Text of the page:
On Equilibrium: The Six Qualities of the New Humanism

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Four Walls Eight Windows, 2004 - Philosophy - 370 pages
6 Reviews
Is it moral to sacrifice one’s life for a higher goal? Why do many in the U.S. think it admirable to join the army but despicable for Palestinians to sign up with Hamas? How can we actually determine “evil” and “good” in the daily world? These practical questions cut to the heart of what it means to be human. John Ralston Saul, in his matter-of-fact discussion of six basic human qualities — ethics, common sense, intuition, imagination, memory, and reason — confronts basic concepts in a manner not done since Thomas Paine more than two centuries ago. In an easy-to-understand style, Saul explains why essential qualities of being human cannot exist in isolation but instead depend on and enrich each other. On Equilibrium persuasively explores morality and how it can be used to foster equilibrium for the self and achieve an ethical society.

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Review: On Equilibrium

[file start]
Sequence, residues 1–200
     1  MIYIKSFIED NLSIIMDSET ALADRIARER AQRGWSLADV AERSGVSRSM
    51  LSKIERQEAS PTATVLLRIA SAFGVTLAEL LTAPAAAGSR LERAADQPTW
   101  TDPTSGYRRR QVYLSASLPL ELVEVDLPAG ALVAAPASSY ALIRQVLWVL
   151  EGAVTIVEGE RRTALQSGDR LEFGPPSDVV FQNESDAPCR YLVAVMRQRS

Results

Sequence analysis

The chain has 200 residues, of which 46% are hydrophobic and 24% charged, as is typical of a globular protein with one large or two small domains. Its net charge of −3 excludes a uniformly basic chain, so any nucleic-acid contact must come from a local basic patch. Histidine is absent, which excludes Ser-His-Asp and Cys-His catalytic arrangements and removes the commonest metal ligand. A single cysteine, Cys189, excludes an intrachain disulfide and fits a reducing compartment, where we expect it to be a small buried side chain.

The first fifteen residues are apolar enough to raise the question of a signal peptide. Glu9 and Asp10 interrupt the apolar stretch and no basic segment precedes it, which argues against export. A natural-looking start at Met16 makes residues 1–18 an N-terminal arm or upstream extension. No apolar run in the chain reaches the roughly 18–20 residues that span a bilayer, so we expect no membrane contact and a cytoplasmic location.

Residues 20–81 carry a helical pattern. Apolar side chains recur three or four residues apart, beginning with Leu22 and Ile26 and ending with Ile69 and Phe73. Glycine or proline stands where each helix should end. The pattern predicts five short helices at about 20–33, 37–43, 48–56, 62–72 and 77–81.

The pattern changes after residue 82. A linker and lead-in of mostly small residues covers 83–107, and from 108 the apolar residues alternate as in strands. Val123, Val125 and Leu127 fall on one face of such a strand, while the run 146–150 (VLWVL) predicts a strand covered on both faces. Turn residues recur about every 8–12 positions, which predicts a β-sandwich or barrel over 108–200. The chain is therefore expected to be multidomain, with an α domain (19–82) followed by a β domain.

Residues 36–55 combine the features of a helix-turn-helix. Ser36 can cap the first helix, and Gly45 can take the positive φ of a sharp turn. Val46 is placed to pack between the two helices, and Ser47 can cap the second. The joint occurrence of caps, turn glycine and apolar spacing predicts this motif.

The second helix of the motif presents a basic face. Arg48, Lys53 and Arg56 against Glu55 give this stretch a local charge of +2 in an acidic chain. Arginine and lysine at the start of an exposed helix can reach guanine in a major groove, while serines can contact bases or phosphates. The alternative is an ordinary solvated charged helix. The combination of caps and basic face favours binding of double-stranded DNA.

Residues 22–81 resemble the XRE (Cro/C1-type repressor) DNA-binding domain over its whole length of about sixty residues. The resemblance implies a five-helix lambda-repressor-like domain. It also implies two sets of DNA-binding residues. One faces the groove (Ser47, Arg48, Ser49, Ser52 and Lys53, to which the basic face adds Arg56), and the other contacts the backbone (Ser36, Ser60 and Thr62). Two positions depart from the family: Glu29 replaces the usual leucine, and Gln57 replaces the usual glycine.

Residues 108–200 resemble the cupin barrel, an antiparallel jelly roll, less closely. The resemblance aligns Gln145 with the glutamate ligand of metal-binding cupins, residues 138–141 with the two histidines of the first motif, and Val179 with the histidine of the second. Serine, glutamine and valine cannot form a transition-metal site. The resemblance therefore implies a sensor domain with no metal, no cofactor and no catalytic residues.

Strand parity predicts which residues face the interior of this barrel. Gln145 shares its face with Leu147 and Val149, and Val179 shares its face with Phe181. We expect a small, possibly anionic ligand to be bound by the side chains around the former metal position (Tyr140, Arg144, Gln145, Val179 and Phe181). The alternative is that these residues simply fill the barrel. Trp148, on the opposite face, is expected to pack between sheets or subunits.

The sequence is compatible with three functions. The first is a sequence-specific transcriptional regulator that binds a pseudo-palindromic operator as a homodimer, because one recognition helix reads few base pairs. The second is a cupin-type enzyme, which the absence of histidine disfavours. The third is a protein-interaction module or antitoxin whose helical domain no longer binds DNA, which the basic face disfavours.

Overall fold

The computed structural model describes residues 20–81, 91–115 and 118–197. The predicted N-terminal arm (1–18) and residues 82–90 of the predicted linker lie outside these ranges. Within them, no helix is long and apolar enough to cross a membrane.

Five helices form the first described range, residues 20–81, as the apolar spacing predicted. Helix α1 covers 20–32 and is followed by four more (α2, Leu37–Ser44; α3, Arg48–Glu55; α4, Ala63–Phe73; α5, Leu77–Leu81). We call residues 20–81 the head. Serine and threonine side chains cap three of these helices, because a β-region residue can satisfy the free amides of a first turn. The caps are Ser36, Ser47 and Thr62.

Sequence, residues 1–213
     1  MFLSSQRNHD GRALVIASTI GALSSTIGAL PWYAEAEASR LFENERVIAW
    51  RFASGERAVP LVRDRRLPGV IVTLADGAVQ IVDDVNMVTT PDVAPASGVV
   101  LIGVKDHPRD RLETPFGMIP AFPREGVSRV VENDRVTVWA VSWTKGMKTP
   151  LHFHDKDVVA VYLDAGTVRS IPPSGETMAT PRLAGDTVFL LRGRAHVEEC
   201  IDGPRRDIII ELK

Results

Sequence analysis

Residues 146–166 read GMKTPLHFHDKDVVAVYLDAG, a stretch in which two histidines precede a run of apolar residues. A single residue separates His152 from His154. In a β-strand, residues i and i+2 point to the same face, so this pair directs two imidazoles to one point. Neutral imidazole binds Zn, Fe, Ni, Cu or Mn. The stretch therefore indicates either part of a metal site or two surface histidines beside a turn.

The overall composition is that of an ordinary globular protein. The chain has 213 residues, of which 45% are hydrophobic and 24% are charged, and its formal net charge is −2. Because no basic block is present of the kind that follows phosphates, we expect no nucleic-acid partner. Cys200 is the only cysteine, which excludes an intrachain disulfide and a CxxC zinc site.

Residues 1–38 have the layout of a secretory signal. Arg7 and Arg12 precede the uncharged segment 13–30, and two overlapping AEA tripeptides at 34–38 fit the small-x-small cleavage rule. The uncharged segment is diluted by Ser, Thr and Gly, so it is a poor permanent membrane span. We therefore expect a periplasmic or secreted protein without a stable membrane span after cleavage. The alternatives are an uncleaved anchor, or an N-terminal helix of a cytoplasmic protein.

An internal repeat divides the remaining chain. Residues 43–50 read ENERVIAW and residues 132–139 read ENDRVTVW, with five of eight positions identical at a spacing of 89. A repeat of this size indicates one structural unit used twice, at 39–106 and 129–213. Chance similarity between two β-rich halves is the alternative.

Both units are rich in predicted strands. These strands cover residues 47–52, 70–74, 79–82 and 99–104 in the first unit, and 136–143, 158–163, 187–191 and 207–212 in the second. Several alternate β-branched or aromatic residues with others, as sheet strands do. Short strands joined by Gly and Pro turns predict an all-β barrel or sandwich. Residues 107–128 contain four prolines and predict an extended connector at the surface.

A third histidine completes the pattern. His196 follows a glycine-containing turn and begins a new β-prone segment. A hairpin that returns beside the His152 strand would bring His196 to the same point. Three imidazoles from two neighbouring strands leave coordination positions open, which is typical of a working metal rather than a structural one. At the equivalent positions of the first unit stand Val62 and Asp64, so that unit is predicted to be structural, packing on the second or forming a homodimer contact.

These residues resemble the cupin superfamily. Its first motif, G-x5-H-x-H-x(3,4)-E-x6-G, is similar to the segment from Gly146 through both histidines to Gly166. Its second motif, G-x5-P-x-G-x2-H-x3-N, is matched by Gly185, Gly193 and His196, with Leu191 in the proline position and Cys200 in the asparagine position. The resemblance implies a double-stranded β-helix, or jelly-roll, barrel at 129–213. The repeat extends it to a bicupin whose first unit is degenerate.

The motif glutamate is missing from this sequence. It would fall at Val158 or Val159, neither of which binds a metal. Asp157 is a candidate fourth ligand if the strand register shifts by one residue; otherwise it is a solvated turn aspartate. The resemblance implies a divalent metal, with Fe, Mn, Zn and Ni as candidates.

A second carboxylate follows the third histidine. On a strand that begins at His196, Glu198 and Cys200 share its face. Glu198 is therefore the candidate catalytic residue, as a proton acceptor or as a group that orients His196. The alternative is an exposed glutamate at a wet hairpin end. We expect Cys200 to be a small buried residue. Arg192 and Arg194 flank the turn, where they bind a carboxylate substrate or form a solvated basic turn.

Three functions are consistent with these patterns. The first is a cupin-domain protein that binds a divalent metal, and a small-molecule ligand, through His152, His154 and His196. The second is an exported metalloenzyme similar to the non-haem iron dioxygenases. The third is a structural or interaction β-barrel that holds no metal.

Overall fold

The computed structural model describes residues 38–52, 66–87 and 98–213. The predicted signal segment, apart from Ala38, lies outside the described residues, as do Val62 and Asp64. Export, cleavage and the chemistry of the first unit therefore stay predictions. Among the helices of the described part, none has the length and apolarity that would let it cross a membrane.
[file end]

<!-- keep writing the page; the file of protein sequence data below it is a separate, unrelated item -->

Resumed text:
User Review  - Andre - Goodreads

It's a fairly hard read, but the author's insights are both valuable and timely. I'd recommend it to anyone that feels/believes that our society often behaves in an irrational manner, that contradicts what one might expect from an "intelligent" species. Read full review

Review: On Equilibrium

User Review  - Harper R - Goodreads

This is such an important book to read in these times. A sobering yet inspiring fidelity to shared forms of common sense that are what we need to look at to handle today's challenges in an ethical and ... Read full review

About the author (2004)

John Ralston Saul, has won the Governor General's Award for Non-Fiction and the Premio Letterario Internazionale of Italy. He lives in Ottawa

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